Monday, March 24, 2014

Accepting the Mystery of Light

Photo by Bethany Buchanan
God is light. 

What an appropriate metaphor. 

Light brings energy, warmth, and life. It is not only visible itself, but it also reveals the world to us by making all else visible, both the beautiful elements and the grim.  

But although light reveals our physical world, we know that only certain wavelengths of light are visible to the human eye, meaning that much of the spectrum goes unappreciated by us. 

There is much more to the nature of light than we can see. 

The human appreciation of light is limited.

However, just because we can't see the entire spectrum of light doesn't mean that we can't see some of it; and only seeing some of it doesn't stop us from taking advantage of its benefits.

I recently spoke to someone about the Gospel.

"I don't pretend to understand all that," he said.

All that, he called it. Goodness. 

But, honestly, he makes a good point. Who actually does understand the Gospel? 

In a way, it's simple enough to grasp. Even a child can understand that the Gospel works and can exercise faith to believe. In another sense, the fullness of the Gospel is unfathomable, and certain aspects of how it works have been debated by theologians down through the centuries with little resulting clarification. 

But just because we can't understand all aspects of how the Gospel works doesn't mean that we can't understand some of it; and only understanding some of it doesn't stop us from taking advantage of its benefits.


Remember, God is light. 

And we don't really understand light.

No one does. Not really.


Did you know that scientists can't even agree on the nature of what light actually is? Sometimes it acts like a particle, and sometimes it acts like a wave. Right now light is classified as a form of energy, but great minds such as Max Planck and Albert Einstein have shown evidence to suggest that light particles have real existence, meaning that light may actually be matter. So what is light, really? Is it matter or is it energy?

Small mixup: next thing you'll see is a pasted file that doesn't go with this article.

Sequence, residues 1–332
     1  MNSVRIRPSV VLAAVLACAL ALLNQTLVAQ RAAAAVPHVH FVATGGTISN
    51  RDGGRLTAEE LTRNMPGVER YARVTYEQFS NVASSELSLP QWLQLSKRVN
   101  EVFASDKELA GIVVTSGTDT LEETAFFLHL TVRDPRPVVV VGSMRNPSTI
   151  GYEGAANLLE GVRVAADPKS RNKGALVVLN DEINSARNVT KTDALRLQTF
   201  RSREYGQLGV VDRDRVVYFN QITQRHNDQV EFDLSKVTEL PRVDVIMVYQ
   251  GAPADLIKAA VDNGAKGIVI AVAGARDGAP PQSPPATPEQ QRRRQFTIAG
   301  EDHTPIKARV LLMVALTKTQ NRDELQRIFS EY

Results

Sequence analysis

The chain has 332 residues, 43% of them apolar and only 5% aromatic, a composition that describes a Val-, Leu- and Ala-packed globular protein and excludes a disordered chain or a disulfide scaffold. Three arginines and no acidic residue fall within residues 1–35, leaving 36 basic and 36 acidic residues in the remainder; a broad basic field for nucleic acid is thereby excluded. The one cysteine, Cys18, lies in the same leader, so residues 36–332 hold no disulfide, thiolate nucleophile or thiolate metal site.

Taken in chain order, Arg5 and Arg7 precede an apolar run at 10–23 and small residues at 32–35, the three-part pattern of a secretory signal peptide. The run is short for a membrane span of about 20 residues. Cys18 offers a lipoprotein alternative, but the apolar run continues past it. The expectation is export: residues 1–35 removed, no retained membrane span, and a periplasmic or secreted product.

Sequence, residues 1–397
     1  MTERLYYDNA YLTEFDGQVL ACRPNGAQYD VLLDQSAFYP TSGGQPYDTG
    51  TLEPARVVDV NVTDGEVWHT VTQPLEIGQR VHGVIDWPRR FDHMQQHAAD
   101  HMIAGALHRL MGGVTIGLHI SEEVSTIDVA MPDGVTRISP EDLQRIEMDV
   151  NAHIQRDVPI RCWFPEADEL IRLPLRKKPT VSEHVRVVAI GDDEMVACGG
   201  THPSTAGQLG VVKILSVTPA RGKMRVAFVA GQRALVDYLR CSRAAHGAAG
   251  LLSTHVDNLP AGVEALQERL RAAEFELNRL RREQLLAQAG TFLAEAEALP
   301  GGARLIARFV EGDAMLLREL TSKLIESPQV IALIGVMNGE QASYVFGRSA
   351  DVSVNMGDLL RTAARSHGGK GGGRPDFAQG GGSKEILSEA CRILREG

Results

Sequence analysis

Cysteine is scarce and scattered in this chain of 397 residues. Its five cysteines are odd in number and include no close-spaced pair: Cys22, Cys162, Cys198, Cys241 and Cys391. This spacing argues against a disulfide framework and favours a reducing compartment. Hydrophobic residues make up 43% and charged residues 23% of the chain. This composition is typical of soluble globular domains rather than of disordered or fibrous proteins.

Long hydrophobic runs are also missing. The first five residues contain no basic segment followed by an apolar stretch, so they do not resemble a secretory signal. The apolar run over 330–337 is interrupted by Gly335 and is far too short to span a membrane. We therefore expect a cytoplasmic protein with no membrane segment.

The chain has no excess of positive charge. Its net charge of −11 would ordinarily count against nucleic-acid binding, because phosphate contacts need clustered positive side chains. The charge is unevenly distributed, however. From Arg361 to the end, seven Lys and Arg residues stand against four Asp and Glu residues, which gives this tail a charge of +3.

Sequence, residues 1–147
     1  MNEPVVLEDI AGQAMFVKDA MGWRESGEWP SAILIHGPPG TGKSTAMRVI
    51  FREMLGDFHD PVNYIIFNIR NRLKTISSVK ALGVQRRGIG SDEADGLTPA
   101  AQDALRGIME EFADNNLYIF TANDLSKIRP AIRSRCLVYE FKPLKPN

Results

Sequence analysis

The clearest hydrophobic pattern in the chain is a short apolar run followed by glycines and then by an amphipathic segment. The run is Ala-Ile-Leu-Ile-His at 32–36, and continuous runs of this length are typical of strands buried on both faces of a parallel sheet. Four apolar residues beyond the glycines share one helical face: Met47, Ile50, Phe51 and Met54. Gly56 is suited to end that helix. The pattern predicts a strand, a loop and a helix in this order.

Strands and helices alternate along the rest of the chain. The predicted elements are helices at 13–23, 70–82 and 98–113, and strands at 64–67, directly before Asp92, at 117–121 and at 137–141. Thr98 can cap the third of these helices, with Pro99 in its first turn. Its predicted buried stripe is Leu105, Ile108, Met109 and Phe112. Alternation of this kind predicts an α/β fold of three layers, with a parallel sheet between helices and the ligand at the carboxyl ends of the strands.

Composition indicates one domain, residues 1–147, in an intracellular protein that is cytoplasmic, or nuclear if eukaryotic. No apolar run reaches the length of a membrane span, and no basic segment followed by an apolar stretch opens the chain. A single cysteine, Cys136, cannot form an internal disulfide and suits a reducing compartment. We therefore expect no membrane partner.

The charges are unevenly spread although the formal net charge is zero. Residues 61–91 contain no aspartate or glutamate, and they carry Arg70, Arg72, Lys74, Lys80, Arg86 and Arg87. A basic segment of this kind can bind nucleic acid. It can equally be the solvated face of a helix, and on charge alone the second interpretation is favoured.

We know light, and yet we don't know. We experience light without fully understanding what it is, and yet not understanding it fully hasn't kept us from enjoying the benefits of its existence.

God is light.  

Yes, what an appropriate metaphor.

We know God, and yet we don't know. We've experienced him without fully understanding who he is, and yet not understanding him fully hasn't kept us from enjoying the full benefits of his presence.

Now this is the message we have heard from Him and declare to you: God is light, and there is absolutely no darkness in Him. If we say, “We have fellowship with Him,” yet we walk in darkness, we are lying and are not practicing the truth. But if we walk in the light as He Himself is in the light, we have fellowship with one another, and the blood of Jesus His Son cleanses us from all sin. 1 John 1:5-7 (HCSB)

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